Research Expertise and Interest
protoplanetary disks, astrochemistry
Jennifer Bergner is the Chevron Chair in Chemistry and an assistant professor in the Department of Chemistry.
Research: The regions around forming stars are host to a surprisingly rich chemistry, leading to the production of molecules both familiar and exotic. The synthesis of relatively large organic molecules in star-forming regions is especially exciting because planets are born alongside stars, raising the possibility that astrochemically produced organics could seed nascent planets with ingredients for origins of life chemistry. More broadly, chemistry along the star- and planet-formation sequence has wide-ranging impacts on the compositions and properties of newly formed planetary systems.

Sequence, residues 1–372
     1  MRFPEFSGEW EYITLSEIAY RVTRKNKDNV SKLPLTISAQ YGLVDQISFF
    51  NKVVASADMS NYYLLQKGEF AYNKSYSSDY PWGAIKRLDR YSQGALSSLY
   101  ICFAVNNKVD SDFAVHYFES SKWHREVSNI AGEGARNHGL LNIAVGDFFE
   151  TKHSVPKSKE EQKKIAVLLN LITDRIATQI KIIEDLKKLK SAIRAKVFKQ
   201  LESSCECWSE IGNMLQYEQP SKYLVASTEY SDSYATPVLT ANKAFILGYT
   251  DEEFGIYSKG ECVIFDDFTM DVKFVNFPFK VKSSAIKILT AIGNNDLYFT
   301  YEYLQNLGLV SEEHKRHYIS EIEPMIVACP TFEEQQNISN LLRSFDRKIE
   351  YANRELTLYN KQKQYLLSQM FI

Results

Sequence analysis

The Bergner astrochemistry group uses a variety of tools to explore the chemistry at play in protostars and protoplanetary disks, the progenitors of planetary systems. With cryogenic vacuum experiments they mimic the extremely low temperatures and pressures of star-forming regions in the lab, enabling them to explore the chemical and microphysical behavior of volatile ices in these exotic conditions. They also use state-of-the-art telescope facilities like ALMA and JWST to observe the spectral fingerprints of volatile molecules in protostars and protoplanetary disks, providing insight into the chemical landscape of planet formation and the underlying physical processes which drive astrochemical evolution. Lastly, we use simulations to understand how the volatile chemistry is influenced by the dynamic redistribution of material within planet-forming disks.